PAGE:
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Ivan's picture

Mac OS X viruses and trojans

I'm sick of anti-virus companies reporting on supposed OS X viruses and trojans.

The latest anti-virus company expressing its greed was Intego, who reported about an OS X trojan that is supposedly out in the wild redirecting unsuspecting browsers to fake sites stealing their credit card info. Woo-hoo!

This trojan is an 8 year old kid dressed in a witch costume. So fitting to Halloween!

Let's see how you can get infected:

  1. You have to visit an eerie link to a no-name porn site.
  2. You have to believe that the video content on this site is so unique it requires a special codec.
  3. You have to be convinced that this codec is so damn special it can not be downloaded from Apple or any other trusted location, but only from this shady site.
  4. You have to conclude that the only way to get laid tonight is to download the dmg of the codec and install it on your machine.
  5. You are confident enough to give your admin password to have the installer run.
  6. Despite the fact that your DNS settings have now been changed and your browser takes you to random sites, you keep surfing and shopping giving your passwords and credit card details anywhere.

Right. Very likely and truly dangerous scenario. If somebody is stupid enough to do all this, he won't even realize he's in trouble, would he?

It's the equivalent of going to a dark bar in the worst part of your town. Paying a random person for a certain white powder. Being surprised you got bubbles coming out of your nostrils. Realizing you're not even hallucinating.

Now, I'm not saying that AV companies are useless or that OS X is infallible. But I do think it's dangerous to report on false stories, because it destroys the AV company's reputation. And, it is destructive to the Mac community, because people become immune to the announcements and won't take them seriously when the real shit hits the fan.

Commenting on this Blog entry is closed.

JimD's picture
2626 pencils

These companies continue to "report" (and I use that term lightly) on theoretic issues and claim them to be serious risks. To me, a serious risk is opening an email from a trusted source and having it delete my hard drive simply by opening the email. Beyond something like that, I take any such "security risks" with a huge heaping of salt.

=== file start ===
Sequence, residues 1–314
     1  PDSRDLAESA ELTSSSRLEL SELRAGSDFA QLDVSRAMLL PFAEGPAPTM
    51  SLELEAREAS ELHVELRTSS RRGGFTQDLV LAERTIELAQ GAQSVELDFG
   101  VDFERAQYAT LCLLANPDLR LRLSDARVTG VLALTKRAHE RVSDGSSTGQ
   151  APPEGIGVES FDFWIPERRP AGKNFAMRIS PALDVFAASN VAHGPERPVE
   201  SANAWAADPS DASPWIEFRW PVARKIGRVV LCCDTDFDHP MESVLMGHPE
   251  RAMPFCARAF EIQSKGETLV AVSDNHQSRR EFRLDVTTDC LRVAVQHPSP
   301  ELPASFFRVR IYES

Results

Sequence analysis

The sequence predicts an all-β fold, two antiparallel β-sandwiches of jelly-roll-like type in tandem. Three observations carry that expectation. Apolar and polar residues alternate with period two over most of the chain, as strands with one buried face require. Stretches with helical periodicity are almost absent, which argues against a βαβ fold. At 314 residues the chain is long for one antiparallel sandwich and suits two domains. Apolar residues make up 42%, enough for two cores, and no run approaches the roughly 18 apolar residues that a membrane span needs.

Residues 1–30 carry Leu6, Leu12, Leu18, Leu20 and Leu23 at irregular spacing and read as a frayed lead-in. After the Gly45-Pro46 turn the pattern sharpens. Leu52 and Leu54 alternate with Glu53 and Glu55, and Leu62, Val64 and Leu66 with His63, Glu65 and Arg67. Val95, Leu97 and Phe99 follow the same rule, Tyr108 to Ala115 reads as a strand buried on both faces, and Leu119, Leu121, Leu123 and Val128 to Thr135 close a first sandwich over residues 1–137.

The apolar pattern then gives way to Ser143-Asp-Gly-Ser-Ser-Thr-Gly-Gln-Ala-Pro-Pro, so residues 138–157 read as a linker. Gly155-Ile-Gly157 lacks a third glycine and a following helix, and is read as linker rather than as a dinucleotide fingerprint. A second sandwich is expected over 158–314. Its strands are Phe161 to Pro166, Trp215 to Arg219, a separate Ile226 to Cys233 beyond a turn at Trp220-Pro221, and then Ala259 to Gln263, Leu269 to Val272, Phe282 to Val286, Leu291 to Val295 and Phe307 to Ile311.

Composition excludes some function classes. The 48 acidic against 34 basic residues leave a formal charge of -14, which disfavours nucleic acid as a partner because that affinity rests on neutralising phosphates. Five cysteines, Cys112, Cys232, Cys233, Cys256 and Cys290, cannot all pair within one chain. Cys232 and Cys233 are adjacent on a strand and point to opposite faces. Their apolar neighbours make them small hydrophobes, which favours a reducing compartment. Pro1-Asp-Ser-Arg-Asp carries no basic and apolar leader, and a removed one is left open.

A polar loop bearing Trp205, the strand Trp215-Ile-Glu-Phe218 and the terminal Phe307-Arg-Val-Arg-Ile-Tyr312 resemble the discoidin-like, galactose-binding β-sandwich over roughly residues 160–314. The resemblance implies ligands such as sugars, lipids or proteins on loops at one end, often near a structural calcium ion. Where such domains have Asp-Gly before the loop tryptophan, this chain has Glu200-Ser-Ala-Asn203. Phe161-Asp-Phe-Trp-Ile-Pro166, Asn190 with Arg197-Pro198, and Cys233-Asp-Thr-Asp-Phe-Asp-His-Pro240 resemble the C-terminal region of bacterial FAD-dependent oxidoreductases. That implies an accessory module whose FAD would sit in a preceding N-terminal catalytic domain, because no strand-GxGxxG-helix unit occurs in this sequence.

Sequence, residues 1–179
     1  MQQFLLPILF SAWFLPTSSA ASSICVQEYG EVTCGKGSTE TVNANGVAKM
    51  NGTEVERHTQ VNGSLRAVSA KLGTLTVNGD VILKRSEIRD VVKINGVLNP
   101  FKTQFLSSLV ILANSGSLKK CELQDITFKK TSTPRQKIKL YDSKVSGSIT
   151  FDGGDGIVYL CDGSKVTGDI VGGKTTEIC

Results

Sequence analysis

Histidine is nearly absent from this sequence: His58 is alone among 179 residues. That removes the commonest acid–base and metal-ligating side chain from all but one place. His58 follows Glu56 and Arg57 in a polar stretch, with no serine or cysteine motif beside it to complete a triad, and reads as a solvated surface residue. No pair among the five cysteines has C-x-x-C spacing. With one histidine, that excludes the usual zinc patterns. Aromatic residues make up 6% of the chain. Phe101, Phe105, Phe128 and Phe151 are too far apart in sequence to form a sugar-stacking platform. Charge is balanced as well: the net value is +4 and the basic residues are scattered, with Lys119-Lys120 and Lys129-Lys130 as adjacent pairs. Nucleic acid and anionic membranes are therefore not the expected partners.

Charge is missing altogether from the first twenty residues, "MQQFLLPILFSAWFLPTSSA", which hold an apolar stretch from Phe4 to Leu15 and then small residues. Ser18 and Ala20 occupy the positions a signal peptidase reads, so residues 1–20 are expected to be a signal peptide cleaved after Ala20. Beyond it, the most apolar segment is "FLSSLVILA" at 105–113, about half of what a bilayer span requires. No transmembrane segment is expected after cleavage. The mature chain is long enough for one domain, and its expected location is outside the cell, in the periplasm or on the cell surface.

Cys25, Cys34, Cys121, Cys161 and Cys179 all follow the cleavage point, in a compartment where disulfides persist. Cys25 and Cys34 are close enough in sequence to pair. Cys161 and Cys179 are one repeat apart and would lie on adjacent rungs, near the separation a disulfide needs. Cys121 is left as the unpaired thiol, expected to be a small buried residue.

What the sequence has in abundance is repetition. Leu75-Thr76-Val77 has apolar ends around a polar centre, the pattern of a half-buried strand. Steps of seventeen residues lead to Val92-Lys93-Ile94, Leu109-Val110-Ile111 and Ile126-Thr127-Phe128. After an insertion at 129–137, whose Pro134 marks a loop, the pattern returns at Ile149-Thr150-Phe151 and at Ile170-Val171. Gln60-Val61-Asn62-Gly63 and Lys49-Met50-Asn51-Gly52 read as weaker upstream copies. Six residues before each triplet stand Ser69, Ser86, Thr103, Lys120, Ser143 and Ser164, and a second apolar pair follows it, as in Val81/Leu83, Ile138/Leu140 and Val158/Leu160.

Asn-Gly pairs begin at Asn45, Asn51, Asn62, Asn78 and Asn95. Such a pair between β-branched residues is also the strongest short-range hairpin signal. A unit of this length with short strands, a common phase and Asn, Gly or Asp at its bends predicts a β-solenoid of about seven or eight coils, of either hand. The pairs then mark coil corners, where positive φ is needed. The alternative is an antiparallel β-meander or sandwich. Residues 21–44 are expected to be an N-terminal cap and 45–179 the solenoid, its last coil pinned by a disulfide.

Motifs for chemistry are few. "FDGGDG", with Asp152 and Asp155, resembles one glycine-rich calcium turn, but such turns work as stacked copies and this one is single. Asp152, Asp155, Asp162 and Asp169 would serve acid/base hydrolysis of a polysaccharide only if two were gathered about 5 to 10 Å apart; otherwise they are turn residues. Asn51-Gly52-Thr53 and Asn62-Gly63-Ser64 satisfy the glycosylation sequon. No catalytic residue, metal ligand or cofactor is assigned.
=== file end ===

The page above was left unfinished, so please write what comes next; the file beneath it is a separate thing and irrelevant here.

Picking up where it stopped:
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Visit Creative Guy for graphics and Mac OS tips, tricks, tutorials and commentary

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Visit The Graphic Mac for graphics and Mac OS tips, reviews, tutorials and discussion.

phalkunz's picture
49 pencils

Well, again i agree with you on this. Your bullet points are funny and I like it. In that case, it's totally user responsibility I guess.

ireid's picture
1283 pencils

That was cute! :)

"Try not, Do! or do not, there is no try."
-Yoda

shoaf's picture
78 pencils

I haven't seen it in-person, but would a non-paranoid user have any way to believe that the codec is from Apple/QT, but the site is conveniently providing it (or an automatic link to the developer's download? "Perhaps this is a new technology that I haven't run into yet, so I better update my Mac now so I can see more naughty stuff in the future? [not just for this one thing]"

Add to that, "I bought this Mac cause they don't get viruses*, so nothing bad will happen if I install this."

Of course most anyone here at creativebits knows better than to think like I've mentioned, but I can see a lot of the general public thinking like this.

*Yes, I know this is not a virus, but I emphasize the fact that I'm trying to think like John. Q. Public here.

natobasso's picture
3951 pencils

Mac users can clean the infection using this app:
http://www.intego.com/virusbarrier/

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Powerpoint is not a design application

ornj's picture
1 pencil

Everyone likes to balk and snub the thought of a virus on a mac but it's a serious issue. Mac bills itself as an all and one solution and for that reason, many people who are new or inexperienced in personal computers are attracted to them. These people might not know enough to not install something just because they were prompted. All the security or restrictions in the world won't matter when the issue is behind the keyboard.

Also, while its not related to this specific instance. It's important for mac users who share a network with windows based machines to be aware if they have virus infected files that will thrive on their coworker's machine. I seem to remember there being an issue with iPods having a windows virus on them.

long time lurker.

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